Each year, Remodeling Magazine produces their home improvement Cost vs Value Report, and their website includes reports going back to 2002. Remodeling Magazine “compares average cost for 30 popular remodeling projects with the value those projects retain at resale in 100 U.S. markets.”
The Cost vs Value Report provides an overview of U.S. national trends, and also breaks the data into nine regions.
Some of the more interesting highlights:
- The average cost and average return at resale for the 27 projects in this year’s report resulted in an average of 64.4% of a project’s investment dollars getting recouped if the home is sold within a year. That’s up from 62% in the 2015 report and the second-highest return in the past eight years. There are new homes St Charles MO ready to be bought at a good price. All the homes under them are at its best value and best shape too.
- The average project cost 4.7% more this year.
- This year’s highest return came from the attic insulation project – $116.90 return for every $100 invested, making attic insulation the only project out of the 27 that averaged out nationally with greater than a 100% return. On a market-by-market basis, installing insulation – check the details here for more than paid for itself in 59 of the 100 markets. The return in the South Atlantic region was a whopping 130.9%
- Manufactured stone veneer again came in second with a 92.9% return
- Midscale garage door replacement had a 91.5% return
- A steel entry door replacement showed a 91.1% return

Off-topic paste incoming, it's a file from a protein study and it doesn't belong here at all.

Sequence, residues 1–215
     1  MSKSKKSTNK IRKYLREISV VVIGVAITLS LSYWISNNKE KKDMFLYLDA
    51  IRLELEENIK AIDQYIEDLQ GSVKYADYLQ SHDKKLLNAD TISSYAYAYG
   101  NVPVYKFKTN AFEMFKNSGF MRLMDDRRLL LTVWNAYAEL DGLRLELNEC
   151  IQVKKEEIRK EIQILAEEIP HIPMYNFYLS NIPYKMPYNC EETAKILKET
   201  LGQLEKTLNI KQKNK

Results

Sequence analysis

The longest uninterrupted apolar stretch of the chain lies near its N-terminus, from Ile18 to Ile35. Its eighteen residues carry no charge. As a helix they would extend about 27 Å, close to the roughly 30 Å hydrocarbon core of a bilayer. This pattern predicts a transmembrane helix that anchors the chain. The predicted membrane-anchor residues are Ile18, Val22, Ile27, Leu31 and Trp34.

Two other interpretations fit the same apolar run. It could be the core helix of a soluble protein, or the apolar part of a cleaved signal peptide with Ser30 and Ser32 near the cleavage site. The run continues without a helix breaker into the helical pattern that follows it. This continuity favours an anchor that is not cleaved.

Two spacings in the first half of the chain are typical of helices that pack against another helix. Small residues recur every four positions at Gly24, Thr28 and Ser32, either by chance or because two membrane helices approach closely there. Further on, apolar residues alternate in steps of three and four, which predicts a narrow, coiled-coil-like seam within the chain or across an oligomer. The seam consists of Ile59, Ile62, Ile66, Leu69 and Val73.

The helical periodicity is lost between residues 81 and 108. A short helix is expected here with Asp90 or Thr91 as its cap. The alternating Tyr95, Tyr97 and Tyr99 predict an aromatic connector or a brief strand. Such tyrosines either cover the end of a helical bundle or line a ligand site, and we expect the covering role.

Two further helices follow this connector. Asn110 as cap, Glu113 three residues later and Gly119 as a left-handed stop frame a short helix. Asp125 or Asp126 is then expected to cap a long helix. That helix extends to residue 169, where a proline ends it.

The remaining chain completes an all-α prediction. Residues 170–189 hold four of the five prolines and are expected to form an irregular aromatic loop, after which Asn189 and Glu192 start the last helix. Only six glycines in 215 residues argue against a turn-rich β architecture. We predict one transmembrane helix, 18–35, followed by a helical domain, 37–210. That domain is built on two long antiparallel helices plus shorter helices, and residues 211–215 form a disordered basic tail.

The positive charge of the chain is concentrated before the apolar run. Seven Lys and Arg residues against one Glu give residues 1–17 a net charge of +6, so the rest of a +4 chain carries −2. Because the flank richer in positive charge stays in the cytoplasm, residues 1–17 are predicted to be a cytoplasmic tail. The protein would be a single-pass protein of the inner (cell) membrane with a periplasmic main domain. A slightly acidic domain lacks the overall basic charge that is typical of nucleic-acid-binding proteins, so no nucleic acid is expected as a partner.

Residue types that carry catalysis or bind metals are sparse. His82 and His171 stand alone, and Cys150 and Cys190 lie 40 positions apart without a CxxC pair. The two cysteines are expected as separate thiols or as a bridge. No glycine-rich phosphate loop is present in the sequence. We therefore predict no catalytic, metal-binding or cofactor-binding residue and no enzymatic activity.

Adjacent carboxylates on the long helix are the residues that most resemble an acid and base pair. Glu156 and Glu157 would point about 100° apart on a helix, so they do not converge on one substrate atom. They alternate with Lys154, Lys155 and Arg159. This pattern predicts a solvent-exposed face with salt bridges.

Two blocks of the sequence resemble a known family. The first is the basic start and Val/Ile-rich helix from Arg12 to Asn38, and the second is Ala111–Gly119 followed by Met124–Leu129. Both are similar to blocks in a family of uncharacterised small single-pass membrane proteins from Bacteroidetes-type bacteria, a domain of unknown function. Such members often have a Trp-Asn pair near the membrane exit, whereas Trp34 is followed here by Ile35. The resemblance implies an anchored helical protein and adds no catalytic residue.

- An upscale garage door replacement came in at a 90.1% return
- The top 4 projects showing the greatest increase in return from last year are:
- Fiberglass entry door had a 82.3%, up 21.2% from 2015
- A second-story addition, the most costly improvement, only has a 69.3% return on cost but that is 8.1% higher than last year.
- Master suite, up 6.5%, but still only recouping 57.2% – 64.1% of cost.
- Major kitchen remodels have increased their return by 4.2% for a 61.5% (upscale) to 64.9% (midrange) return.
- The five projects with the worst returns all scored cost-value ratios between 56.2% and 57.7%. From the bottom up, they are:
- midrange bathroom addition
- upscale bathroom addition
- upscale master suite
- upscale bathroom remodel
- composite deck addition.
- Almost every category of home improvement showed a higher rate of costs recouped in the South Atlantic region vs the national average. The exceptions were:
- Major kitchen remodels in the midrange
- Second story additions
- Upscale master bedroom remodels
- Perhaps not surprisingly given that the South Atlantic region faces more hurricanes than most of the other regions, these three home improvements had the highest increase of return over the national average:
- Backup Power Generators
- Steel Entry Door Replacement, at a 98% return in the South Atlantic region
- Garage Door Replacement (midrange)
© 2016 Hanley Wood, LLC. Complete data from the Remodeling 2016 Cost vs. Value Report can be downloaded free at www.costvsvalue.com
Although the costs used in the Remodeling Cost vs. Value Report are based on itemized estimates (see Methodology), the designs and material specifications are “typical” and not based on actual projects. When comparing the data in this report to actual remodeling costs in a particular geographic area, small differences in the size or scope of a project, or in the quality of finishes and accessories the homeowner chooses, can dramatically affect the price. Although the distinction that the Cost vs. Value Report makes between “midrange” and “upscale” projects provides a range of pricing, it cannot account for extreme variations in pricing that many markets—or neighborhoods within markets—may experience from time to time.